Vacation or rental home? Why it matters

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Q. We are interested in a vacation home but not sure about renting it yet. How is rental income handled in the new tax bill?
— Considering

A. There’s a lot to think about when you’re considering a vacation home.

Start by deciding the main purpose of the new home.

“If you are purchasing the home as an investment property, you should have low expectations of leisure usage time,” said Peter O’Neill, a certified financial planner with Beacon Trust in Morristown. “If you are purchasing the home as a leisure property, you should have low expectations of rental income.”

O’Neill said it’s possible to find that happy medium, but it can be difficult sometimes.

Your decision is especially important when it comes to the taxation of rental income.

There are differences in how 2017 and 2018 tax law affects second and vacation homes.

First, in 2018, mortgage interest can be deducted on up to $750,000 in mortgage debt, down from the $1 million limit in 2017, O’Neill said, noting the $1 million limit is grandfathered in for those who purchased their primary residence before Dec. 15, 2017.

“The $750,000 limit now in effect is in aggregate, meaning if you take out a $500,000 mortgage on a primary residence, you would only be able to deduct interest on an additional $250,000 in mortgage debt for a second home,” he said. “There is also a $10,000 cap on deductions for state, local, and property taxes.”

O’Neill said one of the best deals going from the IRS is the ability to allow vacation home owners to rent their home for up to two weeks and not report any of the rental income received, as long as you occupy the home for at least 14 days.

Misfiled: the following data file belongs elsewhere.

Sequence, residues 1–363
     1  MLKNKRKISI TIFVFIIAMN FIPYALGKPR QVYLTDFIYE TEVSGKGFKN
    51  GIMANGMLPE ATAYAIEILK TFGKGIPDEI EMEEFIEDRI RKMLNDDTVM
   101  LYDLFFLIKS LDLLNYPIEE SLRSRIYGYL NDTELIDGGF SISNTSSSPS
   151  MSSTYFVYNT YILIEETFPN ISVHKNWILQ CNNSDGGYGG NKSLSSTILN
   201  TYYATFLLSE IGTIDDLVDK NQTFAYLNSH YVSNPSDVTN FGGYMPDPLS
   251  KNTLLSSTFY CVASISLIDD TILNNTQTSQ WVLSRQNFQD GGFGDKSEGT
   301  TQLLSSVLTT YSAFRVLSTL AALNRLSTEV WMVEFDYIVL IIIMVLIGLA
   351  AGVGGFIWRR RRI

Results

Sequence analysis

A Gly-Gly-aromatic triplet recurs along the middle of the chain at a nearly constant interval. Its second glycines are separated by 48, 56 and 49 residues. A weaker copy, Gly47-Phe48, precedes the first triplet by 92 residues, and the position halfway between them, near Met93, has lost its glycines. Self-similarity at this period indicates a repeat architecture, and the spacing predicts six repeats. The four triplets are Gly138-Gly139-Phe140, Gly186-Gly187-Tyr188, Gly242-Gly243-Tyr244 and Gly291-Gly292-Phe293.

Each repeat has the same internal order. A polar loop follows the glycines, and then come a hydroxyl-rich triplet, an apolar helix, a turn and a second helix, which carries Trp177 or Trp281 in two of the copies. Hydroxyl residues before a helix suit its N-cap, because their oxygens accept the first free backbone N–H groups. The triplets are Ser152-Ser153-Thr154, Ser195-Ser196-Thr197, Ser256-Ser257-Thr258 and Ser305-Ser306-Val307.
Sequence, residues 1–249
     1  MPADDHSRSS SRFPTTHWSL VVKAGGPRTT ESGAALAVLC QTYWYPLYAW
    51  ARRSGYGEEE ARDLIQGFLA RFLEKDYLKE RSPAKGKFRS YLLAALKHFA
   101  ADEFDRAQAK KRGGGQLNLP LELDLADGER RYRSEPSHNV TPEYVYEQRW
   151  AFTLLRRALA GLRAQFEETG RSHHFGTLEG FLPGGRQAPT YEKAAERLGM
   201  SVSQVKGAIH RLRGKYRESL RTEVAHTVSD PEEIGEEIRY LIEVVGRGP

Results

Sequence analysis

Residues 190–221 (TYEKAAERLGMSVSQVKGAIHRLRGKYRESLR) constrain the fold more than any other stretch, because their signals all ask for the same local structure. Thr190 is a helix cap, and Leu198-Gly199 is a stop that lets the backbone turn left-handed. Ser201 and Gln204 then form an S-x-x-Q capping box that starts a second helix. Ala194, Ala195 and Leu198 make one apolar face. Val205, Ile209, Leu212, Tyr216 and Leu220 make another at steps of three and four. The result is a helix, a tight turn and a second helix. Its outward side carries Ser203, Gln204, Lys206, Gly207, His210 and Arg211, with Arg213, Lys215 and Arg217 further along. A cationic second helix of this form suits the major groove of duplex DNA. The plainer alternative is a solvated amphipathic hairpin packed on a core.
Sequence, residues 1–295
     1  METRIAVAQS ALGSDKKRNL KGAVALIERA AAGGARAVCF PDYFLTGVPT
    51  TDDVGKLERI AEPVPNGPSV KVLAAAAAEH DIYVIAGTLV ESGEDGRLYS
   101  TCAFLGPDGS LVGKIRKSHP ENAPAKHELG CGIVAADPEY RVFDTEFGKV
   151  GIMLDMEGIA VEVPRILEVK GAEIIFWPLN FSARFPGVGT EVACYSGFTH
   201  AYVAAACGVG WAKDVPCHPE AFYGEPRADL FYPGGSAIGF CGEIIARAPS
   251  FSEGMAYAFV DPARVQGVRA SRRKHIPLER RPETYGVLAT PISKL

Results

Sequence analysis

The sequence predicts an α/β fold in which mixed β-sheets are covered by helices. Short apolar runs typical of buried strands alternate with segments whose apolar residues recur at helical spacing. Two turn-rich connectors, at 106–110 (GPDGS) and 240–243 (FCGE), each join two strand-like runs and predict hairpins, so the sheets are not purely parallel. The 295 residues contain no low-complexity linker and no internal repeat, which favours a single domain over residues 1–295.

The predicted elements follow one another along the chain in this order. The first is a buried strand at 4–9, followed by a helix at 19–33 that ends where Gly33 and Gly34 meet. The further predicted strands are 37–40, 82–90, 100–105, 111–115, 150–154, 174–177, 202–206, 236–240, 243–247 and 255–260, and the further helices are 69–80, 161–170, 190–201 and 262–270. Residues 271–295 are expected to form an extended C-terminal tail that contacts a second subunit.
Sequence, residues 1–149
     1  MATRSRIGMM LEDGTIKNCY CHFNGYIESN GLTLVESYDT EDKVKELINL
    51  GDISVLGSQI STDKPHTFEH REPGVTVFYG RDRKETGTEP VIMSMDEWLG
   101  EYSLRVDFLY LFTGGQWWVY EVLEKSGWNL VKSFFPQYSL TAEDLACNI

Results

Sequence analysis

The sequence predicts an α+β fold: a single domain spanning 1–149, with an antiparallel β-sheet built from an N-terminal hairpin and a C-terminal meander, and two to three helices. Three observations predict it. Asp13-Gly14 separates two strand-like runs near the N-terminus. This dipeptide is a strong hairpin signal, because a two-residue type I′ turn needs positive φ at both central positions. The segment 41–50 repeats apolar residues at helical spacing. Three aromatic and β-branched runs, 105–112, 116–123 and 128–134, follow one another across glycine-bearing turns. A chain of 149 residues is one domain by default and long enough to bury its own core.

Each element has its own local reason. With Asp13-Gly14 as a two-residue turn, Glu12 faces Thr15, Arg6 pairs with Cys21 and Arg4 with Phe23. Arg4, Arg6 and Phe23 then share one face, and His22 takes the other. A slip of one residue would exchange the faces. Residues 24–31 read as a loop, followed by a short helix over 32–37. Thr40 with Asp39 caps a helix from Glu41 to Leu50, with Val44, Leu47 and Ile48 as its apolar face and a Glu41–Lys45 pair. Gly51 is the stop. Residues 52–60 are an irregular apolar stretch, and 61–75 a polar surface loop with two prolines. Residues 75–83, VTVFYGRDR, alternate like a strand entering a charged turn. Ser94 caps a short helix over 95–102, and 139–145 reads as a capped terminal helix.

Under this scenario, you will not be able to deduct any rental expenses.

Then once you reach 15 days of rentals, you must include all of your rental income and rental expenses on Schedule E when you file your income tax return, he said.

One of the benefits of owning a rental property is that you continue to have the ability to offset rental income with expenses associated with running and operating the property. These expenses can include mortgage interest, repairs, and maintenance, O’Neill said.

“If you plan to use the home as mostly an investment property, you may want to look into setting up either a partnership or LLC,” O’Neill said. “Pass-through entities received a substantial tax decrease in the new bill, which could result in a new 20 percent deduction for the rental income.”

But because everyone’s tax situation is unique, you should enlist a qualified tax professional to help quantify your specific tax implications.

Email your questions to moc.p1553051109leHye1553051109noMJN1553051109@ksA1553051109.


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[/divider] presents certain general financial planning principles and advice, but should never be viewed as a substitute for obtaining advice from a personal professional advisor who understands your unique individual circumstances.